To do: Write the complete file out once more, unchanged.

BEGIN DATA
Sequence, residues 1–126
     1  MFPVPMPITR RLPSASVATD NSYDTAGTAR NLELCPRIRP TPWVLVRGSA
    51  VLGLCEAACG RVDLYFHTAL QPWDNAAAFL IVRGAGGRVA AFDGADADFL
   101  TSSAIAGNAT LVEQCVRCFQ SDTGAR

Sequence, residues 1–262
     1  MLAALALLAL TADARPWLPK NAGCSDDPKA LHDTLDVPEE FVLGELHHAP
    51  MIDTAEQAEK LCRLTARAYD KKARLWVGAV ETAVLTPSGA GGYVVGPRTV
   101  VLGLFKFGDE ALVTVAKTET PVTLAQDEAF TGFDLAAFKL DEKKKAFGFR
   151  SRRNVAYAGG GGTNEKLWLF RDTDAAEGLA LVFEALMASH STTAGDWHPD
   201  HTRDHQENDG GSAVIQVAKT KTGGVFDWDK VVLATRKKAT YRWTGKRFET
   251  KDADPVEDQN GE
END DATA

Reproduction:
Sequence, residues 1–126
     1  MFPVPMPITR RLPSASVATD NSYDTAGTAR NLELCPRIRP TPWVLVRGSA
    51  VLGLCEAACG RVDLYFHTAL QPWDNAAAFL IVRGAGGRVA AFDGADADFL
   101  TSSAIAGNAT LVEQCVRCFQ SDTGAR

Sequence, residues 1–262
     1  MLAALALLAL TADARPWLPK NAGCSDDPKA LHDTLDVPEE FVLGELHHAP
    51  MIDTAEQAEK LCRLTARAYD KKARLWVGAV ETAVLTPSGA GGYVVGPRTV
   101  VLGLFKFGDE ALVTVAKTET PVTLAQDEAF TGFDLAAFKL DEKKKAFGFR
   151  SRRNVAYAGG GGTNEKLWLF RDTDAAEGLA LVFEALMASH STTAGDWHPD
   201  HTRDHQENDG GSAVIQVAKT KTGGVFDWDK VVLATRKKAT YRWTGKRFET
   251  KDADPVEDQN GE